Was Jesus a ‘white’ man as shown in portraits or was he of African descent? By ANGEYO H. KALAMBUKA | Friday, March 29 2013 at 08:35
Although images of Jesus show ethnic characteristics similar to those of the culture in which they are created, the earliest images of Jesus, his mother and disciples, which appear in the catacombs of Rome — where early Essene Christians buried their dead — are portrayed so different from the now so widespread, known images of the Christ and the early Christians.
Contemporary evidence on Jesus’ life is scarce, and descriptions of his appearance even more so. Ethnography yields only educated guesses; anecdotal evidence cannot prove any assertion.
Nonetheless, we know that Galilee — a melting pot of Arab, Aramean, Berber, Roman, Greek, African, Persian and Indian cultures — had many Jews, whose ancestors had only been Jewish for about a century. Galilee witnessed multiple waves of immigrants as the area was the primary means of access for travellers seeking to reach Africa via the adjoining Levant.
As a Galilean (the world of Jesus was Galilean Judaism), what modern features of Middle Eastern and Semitic persons’ descent, could Jesus Christ have had? Let’s find out.
Essentially the “Semitic” features arose in the 4th millennia BC from intermarriage between Blacks in the ‘Holy Belt’ and Caucasian northern invaders. A wandering people, many Semites (such as the Gypsies, whose name means “Out of Egypt”) still display obvious features of their origins.
The Bible equates Ham (Africa) with Egypt (Ps. 78:51;105:23; 106:21, 22). By the time of Jesus, in fact, the identities of Ham and Israel are indistinguishable. In Acts 21:37-39, 22:2,3, Paul is mistaken for an Egyptian though he declares “I am Jew”.
Herodotus, a historian, wrote: “Egyptians, Colchians and Ethiopians have thick lips, broad nose, woolly hair and they are of burnt skin”.
The Bible also equates Ethiopians and Jews (Amos 9:7).
Tacitus, a historian of the Roman Empire, wrote that many in his time believed that Jews “were a race of Ethiopian origin.”
We know Jesus spent his formative years in exile with his parents just outside of Old Cairo, Egypt, where Mary learned knitting and Joseph carpentry. The same Egypt, where centuries earlier, as Hebrews they for 450 years forged their physical, cultural and religious identity.
The Bible calls Jesus “Lamb” of God, with “kinky hair” comparable to a lamb’s wool, “feet the colour of burnt brass” (Rev. 1:14,15) and a likeness resembling “jasper and sardine stone” (Rev. 4:3).
It also says: “And he [Jesus shall be called a Nazarene”. Now, a vow of the Nazarenes was to never cut, but to “let the locks of the hair of their heads grow.”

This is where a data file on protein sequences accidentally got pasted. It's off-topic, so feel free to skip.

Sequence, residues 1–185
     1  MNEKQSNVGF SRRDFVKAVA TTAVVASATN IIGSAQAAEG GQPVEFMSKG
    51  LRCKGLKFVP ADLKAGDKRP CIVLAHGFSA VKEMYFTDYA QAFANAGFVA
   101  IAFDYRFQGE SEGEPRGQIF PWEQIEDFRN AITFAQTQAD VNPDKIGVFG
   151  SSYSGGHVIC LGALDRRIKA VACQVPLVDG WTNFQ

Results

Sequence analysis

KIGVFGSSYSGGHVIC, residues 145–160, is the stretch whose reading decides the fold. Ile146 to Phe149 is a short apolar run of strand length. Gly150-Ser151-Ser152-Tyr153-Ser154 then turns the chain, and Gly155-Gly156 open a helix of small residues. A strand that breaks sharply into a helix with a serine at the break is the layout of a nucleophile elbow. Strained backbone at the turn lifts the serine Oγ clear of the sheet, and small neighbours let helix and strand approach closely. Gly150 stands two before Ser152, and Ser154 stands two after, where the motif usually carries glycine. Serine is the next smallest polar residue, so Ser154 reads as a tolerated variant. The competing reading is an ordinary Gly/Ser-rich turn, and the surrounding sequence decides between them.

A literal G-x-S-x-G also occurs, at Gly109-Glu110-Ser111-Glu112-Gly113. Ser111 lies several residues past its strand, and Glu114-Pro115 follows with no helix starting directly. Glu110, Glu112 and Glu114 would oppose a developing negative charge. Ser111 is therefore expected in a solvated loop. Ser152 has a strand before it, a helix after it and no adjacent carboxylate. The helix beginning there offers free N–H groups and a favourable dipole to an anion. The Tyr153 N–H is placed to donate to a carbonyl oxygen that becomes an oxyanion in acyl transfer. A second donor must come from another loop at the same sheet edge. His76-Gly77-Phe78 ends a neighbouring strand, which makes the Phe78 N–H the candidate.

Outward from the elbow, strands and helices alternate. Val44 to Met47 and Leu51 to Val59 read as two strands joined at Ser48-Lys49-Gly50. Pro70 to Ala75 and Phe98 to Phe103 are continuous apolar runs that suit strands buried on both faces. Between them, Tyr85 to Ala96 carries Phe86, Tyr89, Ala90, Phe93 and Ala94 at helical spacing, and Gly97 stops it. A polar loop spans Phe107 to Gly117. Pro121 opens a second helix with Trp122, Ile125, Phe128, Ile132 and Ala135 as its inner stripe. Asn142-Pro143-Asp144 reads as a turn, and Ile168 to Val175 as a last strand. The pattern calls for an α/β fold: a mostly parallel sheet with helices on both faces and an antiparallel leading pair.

At one time, we find Galileans marvelling at his teaching asking: “How is it that this man has learning, when he has never studied?” (John 7:15).
This is a contradiction to those who believe that during his ‘lost’ years, Jesus travelled in Persia and Tibet, and Egypt or India where Essenes furthered their education.
While he was preparing for crucifixion, the King of Axum in Abyssinia asked Jesus to visit. The motive of the invitation remains a mystery. There is no record of Jesus’ travels beyond Judea.
Nor is there evidence that he planned a revolution against Rome.
Luke 23:26, says: “As they led him away, they laid hold upon one Simon, a Cyrenian, coming out of the country, and on him they laid the cross, that he might bear it after Jesus”. No reason is given for this act or the connection. Cyrenians were a black people.
In African Origins of Major Western Religions, Y. ben-Jochannan writes: “There were many Hebrew tribes that were of indigenous African origin, these African Jews were caught in a rebellion in Cyrene...during 115 CE. This rebellion also marked the beginning of a mass Jewish migration southward into Sudan of West Africa.”
Later, Ibn Battuta, a Muslim traveller, reported of Jews he found scattered across North and West Africa.
It is no wonder Kersey Grave’s The World’s Sixteen Crucified Saviours created a furore because of the author’s compelling discussion of Jesus’ African identity.
A plain looking man, “He [Jesus] had no beauty or majesty to attract us to him, nothing in his appearance that we should desire him” (Isaiah 53: 2).
The writer teaches physics at the University of Nairobi.
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